Sec. 5. General Provisions.

(a) Nothing in this order shall be construed to impair or otherwise affect:

(i) authority granted by law to a department or agency, or the head thereof; or

(ii) functions of the Director of the Office of Management and Budget relating to budget, administrative, or legislative proposals.

(b) This order shall be implemented consistent with applicable law and subject to the availability of appropriations.

(c) This order is not intended to, and does not, create any right or benefit, substantive or procedural, enforceable at law or in equity by any party against the United States, its departments, agencies, or entities, its officers, employees, or agents, or any other person.

Sec. 6. Revocation. Executive Order 13233 of November 1, 2001, is revoked.

THE WHITE HOUSE,

January 21, 2009

—————-

Executive Order 13233
by George W. Bush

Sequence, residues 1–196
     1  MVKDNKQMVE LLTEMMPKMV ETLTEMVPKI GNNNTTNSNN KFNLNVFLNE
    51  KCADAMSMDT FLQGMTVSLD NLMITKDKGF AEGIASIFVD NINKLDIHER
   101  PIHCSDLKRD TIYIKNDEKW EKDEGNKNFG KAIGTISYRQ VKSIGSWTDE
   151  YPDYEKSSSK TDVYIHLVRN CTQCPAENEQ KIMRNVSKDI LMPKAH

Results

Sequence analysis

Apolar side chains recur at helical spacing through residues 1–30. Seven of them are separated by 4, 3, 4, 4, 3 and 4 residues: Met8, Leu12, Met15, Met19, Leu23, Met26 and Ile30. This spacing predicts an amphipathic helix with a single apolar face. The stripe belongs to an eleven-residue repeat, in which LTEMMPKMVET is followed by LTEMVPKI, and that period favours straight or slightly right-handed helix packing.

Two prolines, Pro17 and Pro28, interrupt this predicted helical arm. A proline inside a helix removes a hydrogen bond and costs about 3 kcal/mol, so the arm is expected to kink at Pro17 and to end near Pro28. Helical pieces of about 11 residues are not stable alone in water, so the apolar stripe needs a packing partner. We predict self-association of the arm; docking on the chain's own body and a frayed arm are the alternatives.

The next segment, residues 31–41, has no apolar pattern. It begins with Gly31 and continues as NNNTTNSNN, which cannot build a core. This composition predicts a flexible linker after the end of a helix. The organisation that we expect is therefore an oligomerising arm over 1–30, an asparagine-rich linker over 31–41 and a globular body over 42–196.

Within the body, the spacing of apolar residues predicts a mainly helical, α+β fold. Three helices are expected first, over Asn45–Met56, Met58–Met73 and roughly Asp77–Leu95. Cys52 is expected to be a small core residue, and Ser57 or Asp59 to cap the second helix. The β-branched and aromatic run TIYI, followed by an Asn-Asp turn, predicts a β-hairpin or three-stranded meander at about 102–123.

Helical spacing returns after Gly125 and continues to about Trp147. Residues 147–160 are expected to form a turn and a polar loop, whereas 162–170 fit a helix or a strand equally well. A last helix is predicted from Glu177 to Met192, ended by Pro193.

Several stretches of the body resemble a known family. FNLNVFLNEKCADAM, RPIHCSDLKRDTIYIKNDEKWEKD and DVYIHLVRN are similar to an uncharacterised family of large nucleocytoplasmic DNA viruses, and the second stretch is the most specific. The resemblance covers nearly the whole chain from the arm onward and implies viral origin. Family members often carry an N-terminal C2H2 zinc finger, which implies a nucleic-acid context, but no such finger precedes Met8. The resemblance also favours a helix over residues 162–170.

Further Implementation of the Presidential Records Act
Delivered on 1 November 2001.

FURTHER IMPLEMENTATION OF THE PRESIDENTIAL RECORDS ACT

By the authority vested in me as President by the Constitution and the laws of the United States of America, and in order to establish policies and procedures implementing section 2204 of title 44 of the United States Code with respect to constitutionally based privileges, including those that apply to Presidential records reflecting military, diplomatic, or national security secrets, Presidential communications, legal advice, legal work, or the deliberative processes of the President and the President’s advisors, and to do so in a manner consistent with the Supreme Court’s decisions in Nixon v. Administrator of General Services, 433 U.S. 425 (1977), and other cases, it is hereby ordered as follows: